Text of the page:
Why is Canada’s GDP per capita only about 80 per cent of the US level? Why does Canadian labour productivity lag that of many other developed countries? And why is Canadian innovation deemed “sub-par”?
An expert panel of academics and business leaders has studied the state of Industrial Research and Development (IR&D) in Canada with the hope of finding reasons for these “troubling trends.” It finds that the historically low rate of investment in IR&D in this country accounts for that “consistently wide gap” between productivity growth here and in the US.
Though this finding is not new, being consistent with previous findings, the panel report reiterates that Canada’s IR&D expenditures, as a percentage of GDP, are just half of the US level, and they are declining. Canada ranks eleventh among twenty OECD countries for spending in absolute dollars on IR&D, but does much more poorly when this spending is taken as a percentage of the total economy. In the US, that proportion is more than 2 per cent; the OECD average is 1.6 per cent. In Canada, it is less than 1 per cent. The IR&D gap between Canada and other countries has actually widened; the growth rate in Canada since 2000 has been negative, making us one of the few countries in this category.
Despite the weaknesses, the panel identifies four industries of strength in IR&D in Canada: aerospace products and parts manufacturing; information and communications technologies (ICT); oil and gas extraction; pharmaceutical and medicine manufacturing. Though these industries demonstrate strength in several different measures—magnitude, intensity, quality and impact—there are differences from one industry to another.
The Canadian aerospace industry has a large share of world exports, for example, but Canadian aerospace IR&D has only average impact on the industry based on patent and publication citations. The oil and gas industry, on the other hand, has greater impact and “rapid growth” in both IR&D expenditures and economic output. In pharmaceuticals, IR&D has declined.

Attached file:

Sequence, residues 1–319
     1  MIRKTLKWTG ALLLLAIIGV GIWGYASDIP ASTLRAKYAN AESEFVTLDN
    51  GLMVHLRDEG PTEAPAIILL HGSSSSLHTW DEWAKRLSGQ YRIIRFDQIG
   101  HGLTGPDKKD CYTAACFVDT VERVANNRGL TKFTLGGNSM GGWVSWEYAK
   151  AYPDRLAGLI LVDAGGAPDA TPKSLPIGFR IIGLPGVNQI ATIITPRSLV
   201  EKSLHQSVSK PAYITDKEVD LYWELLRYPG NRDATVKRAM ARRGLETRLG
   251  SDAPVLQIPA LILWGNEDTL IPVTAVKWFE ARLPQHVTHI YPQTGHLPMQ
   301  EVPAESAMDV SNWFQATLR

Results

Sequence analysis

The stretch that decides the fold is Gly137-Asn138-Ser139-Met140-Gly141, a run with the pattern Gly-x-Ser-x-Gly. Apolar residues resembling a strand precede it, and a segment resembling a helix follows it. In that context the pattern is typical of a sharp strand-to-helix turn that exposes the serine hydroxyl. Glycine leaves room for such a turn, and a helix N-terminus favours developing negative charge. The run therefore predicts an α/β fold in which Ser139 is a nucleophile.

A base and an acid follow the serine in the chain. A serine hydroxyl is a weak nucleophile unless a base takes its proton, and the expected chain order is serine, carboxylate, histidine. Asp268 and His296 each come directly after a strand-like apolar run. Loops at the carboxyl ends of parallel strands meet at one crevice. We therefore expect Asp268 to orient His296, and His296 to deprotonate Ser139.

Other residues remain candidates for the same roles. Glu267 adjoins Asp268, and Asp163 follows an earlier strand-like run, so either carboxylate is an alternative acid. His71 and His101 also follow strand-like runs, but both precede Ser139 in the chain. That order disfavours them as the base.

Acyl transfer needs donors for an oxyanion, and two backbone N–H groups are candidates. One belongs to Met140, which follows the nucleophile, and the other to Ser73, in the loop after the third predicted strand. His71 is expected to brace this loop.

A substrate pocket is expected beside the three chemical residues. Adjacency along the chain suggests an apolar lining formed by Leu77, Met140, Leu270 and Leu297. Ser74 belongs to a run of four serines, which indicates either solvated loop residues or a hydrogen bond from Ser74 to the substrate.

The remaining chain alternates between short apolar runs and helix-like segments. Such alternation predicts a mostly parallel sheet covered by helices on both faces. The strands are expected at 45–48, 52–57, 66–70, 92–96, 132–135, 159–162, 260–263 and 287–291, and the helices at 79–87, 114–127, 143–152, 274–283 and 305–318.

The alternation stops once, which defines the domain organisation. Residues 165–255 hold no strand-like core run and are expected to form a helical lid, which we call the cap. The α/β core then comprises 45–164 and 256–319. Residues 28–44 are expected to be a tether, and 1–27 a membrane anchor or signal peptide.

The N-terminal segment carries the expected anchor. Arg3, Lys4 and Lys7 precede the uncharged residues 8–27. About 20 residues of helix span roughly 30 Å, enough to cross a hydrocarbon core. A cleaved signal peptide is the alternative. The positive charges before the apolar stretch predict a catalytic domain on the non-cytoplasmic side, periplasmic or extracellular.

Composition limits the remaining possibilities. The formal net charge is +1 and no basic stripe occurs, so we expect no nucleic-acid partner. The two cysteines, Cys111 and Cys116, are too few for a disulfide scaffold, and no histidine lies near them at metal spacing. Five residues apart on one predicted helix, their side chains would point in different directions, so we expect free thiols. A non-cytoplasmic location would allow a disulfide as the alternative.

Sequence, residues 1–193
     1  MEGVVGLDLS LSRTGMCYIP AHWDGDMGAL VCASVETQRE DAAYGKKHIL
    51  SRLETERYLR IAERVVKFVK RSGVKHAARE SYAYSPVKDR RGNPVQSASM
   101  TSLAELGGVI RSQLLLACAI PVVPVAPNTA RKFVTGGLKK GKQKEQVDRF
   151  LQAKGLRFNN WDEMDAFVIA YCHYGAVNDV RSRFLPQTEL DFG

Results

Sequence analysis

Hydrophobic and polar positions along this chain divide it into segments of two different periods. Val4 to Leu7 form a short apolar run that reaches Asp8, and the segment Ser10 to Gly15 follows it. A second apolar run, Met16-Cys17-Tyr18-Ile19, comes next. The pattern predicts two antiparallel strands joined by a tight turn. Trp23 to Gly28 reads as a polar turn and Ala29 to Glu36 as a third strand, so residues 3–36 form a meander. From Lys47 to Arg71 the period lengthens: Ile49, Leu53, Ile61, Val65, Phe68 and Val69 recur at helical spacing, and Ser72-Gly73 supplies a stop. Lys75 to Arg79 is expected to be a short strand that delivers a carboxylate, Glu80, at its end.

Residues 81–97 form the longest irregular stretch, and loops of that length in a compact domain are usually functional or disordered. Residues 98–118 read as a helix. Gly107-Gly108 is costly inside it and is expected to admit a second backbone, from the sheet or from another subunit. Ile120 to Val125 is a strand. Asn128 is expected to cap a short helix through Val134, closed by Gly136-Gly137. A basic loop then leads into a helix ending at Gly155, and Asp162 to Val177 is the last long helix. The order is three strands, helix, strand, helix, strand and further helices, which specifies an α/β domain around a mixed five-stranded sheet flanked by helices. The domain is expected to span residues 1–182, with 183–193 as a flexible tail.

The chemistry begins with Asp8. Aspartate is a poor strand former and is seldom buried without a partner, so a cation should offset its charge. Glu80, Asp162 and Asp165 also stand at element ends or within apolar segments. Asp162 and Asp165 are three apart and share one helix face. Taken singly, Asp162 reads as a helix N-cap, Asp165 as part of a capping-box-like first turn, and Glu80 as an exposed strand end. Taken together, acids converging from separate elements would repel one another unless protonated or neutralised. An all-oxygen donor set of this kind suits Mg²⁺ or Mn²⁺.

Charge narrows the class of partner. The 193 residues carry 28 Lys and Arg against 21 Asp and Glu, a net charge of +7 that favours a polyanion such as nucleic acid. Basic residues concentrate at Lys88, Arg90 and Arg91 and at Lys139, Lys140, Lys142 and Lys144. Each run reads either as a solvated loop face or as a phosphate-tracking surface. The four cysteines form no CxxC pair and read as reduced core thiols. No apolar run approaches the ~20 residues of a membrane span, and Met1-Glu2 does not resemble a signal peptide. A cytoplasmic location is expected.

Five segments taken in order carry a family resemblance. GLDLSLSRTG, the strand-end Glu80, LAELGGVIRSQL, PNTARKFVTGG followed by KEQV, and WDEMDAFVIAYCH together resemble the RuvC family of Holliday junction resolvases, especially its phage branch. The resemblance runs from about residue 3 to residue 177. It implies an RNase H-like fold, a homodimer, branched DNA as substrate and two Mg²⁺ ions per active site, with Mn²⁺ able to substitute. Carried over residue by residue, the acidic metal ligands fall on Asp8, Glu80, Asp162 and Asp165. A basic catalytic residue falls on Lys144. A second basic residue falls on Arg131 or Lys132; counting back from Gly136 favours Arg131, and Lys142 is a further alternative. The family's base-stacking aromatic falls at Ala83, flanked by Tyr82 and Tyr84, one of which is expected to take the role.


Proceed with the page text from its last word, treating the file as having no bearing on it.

When it comes to translating science and technology knowledge into marketable products, the report says there are five barriers in Canada, including low technology transfer, lack of managerial expertise, lack of business support, low demand, and a business climate that tends to be risk averse, compared to the US. The relatively low level of competition in the Canadian economy is also cited as one reason for the lack of new product innovation in Canada.
IR&D is a cornerstone of long-term sustainable economic growth. Canada benefited from rising resource prices over the last decade, but the headwinds of an aging population and uncertainty about future demand for those resource exports mean that productivity growth will be central to a thriving and prosperous Canada in the future. A competitive business sector that invests in the technologies of tomorrow through IR&D is key to improved productivity.
State of Industrial R&D in Canada
On the positive side, the report finds that the “underpinnings” for greater investment in IR&D are there: the strength that already exists in those four key industries; the strong post-secondary education system and “world-class” university research. What is needed, however, is greater investment in IR&D, and for this to happen, firms will have to realize that their survival depends on it.
Read the report here.